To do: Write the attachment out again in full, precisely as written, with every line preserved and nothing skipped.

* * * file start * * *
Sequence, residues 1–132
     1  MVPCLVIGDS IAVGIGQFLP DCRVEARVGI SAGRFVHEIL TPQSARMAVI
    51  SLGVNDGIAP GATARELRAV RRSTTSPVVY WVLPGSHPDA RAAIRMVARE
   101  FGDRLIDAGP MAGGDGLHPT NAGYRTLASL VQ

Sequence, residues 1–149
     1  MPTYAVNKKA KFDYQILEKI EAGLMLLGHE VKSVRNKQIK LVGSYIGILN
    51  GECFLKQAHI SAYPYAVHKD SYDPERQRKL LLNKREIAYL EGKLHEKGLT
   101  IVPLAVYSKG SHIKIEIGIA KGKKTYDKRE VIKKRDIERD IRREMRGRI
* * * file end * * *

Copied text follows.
Sequence, residues 1–132
     1  MVPCLVIGDS IAVGIGQFLP DCRVEARVGI SAGRFVHEIL TPQSARMAVI
    51  SLGVNDGIAP GATARELRAV RRSTTSPVVY WVLPGSHPDA RAAIRMVARE
   101  FGDRLIDAGP MAGGDGLHPT NAGYRTLASL VQ

Sequence, residues 1–149
     1  MPTYAVNKKA KFDYQILEKI EAGLMLLGHE VKSVRNKQIK LVGSYIGILN
    51  GECFLKQAHI SAYPYAVHKD SYDPERQRKL LLNKREIAYL EGKLHEKGLT
   101  IVPLAVYSKG SHIKIEIGIA KGKKTYDKRE VIKKRDIERD IRREMRGRI